By Mica Rosenberg
NEW YORK, July 26 A U.S. appeals court on Friday
upheld a ruling against Exxon Mobil Corp ordering the
company to pay $105 million in damages for polluting New York
City's groundwater with a toxic gasoline additive.
The U.S. Second Circuit Court of Appeals affirmed a 2009
jury verdict that found Exxon contaminated water supply wells
when methyl tertiary butyl ether (MTBE) leaked from its
underground storage tanks in the borough of Queens.
The appeals court rejected Exxon's arguments that it was
required to use the additive under the federal Clean Air Act.
Exxon said it would appeal to the U.S. Supreme Court.
An oxygen-containing substance that is added to gasoline to
promote more complete combustion and reduce air pollution, MTBE
was one of several additives recommended by regulators to reduce
It has now largely been phased out of the U.S. fuel supply
because of the danger to groundwater.
"MTBE has not been used for seven years," said Exxon
spokesman Todd Spitler. "Cleanup successfully continues."
New York City claimed Exxon went ahead and used the chemical
in the 1980s through the first half of the 2000s despite
warnings from its own scientists and engineers that it could be
harmful in areas that relied on groundwater for drinking.
MTBE has been identified as an animal carcinogen and a
possible human carcinogen and causes water to smell foul and
"Yet again, this company, which carelessly polluted our
groundwater supply, has been put in its place by a court," New
York City Mayor Michael Bloomberg said in a statement. "This
should be a warning to any company whose actions threaten New
Yorkers' health and quality of life."
The water wells in southeast Queens that were contaminated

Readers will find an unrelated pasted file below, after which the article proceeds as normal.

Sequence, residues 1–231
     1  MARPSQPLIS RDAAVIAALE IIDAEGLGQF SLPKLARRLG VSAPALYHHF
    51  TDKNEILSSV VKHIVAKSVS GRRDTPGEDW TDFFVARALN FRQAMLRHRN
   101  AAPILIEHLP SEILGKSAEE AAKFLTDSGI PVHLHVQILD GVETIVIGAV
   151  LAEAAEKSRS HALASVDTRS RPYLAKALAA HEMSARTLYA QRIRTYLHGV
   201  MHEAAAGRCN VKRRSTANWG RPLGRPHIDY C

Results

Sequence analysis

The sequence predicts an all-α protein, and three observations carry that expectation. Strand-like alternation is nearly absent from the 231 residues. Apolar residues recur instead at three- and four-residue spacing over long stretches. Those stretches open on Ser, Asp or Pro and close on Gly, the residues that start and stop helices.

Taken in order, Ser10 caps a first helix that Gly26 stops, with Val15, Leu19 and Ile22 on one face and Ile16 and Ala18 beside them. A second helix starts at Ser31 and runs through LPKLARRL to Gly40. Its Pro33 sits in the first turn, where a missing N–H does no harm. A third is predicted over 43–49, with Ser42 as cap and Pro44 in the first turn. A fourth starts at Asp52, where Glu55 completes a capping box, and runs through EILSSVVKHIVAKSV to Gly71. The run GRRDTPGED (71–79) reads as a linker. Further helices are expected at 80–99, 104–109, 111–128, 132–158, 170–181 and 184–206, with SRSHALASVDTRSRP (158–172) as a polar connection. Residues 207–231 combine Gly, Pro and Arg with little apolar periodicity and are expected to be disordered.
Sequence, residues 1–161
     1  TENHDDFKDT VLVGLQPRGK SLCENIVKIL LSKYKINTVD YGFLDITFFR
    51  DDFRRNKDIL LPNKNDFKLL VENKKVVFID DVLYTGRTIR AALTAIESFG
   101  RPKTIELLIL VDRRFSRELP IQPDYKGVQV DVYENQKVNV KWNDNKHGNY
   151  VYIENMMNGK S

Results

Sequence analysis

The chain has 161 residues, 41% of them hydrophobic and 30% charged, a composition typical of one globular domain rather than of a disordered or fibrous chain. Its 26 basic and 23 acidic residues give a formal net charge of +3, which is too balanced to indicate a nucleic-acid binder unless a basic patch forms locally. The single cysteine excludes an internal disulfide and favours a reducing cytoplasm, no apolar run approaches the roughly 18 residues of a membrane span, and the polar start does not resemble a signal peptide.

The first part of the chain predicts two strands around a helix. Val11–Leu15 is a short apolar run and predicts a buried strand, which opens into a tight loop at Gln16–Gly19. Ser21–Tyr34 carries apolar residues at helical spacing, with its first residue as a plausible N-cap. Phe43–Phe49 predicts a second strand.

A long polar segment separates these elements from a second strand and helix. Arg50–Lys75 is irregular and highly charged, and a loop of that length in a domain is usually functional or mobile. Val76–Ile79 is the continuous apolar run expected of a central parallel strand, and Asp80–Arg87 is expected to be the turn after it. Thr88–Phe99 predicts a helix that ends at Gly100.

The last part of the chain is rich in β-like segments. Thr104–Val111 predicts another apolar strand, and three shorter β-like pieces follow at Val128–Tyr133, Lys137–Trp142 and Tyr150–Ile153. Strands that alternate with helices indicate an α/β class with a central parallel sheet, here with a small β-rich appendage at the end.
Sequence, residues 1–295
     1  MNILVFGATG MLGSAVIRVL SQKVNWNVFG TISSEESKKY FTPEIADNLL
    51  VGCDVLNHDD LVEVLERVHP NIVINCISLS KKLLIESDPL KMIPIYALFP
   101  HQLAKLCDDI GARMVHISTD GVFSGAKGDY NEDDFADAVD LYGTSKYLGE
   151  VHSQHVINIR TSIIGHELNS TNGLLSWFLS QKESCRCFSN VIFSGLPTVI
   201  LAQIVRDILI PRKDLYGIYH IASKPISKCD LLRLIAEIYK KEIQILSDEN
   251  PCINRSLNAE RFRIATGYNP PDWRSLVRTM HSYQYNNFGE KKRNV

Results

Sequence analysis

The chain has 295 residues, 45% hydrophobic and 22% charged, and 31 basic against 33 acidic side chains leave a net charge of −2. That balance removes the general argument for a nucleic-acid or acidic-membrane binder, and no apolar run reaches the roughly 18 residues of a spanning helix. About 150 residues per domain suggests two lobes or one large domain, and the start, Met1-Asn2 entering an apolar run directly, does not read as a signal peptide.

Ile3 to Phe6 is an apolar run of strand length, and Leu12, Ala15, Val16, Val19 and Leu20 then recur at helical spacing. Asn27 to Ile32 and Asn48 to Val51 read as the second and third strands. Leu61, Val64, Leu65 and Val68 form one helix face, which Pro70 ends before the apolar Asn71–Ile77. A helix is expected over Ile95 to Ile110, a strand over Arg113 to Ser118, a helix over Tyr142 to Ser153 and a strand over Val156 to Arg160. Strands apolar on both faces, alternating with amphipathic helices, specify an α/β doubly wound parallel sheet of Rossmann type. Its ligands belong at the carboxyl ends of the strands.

serve as a backup supply for the city's drinking water when the
reservoirs upstate go offline because of repairs or droughts.
The city is planning to install and upgrade treatment
stations to remove the MTBE to ensure the drinking water meets
the same standards as the upstate system, the New York City Law
Department said in a statement.
"What's at issue here isn't just the choice to use MTBE,
it's the failure to warn people and the failure to take the
steps that ... would have avoided or mitigated the environmental
impacts of it," said attorney Victor Sher of the San
Francisco-based law firm of Sher Leff that represented the City
of New York.
Judges in the Second Circuit said the 11-week New York trial
in 2009 was meant to serve as a bellwether case to provide
guidance for other MTBE complaints that have been brought around
In April, a New Hampshire jury ruled that Exxon would have
to pay $236 million for MTBE contamination of drinking water in
the state. The company said at the time it had strong arguments
for an appeal.
Other major oil companies, including Royal Dutch Shell PLC
, BP PLC and Chevron Corp, previously
settled MTBE claims with the city for a total of $15 million,
the law department said.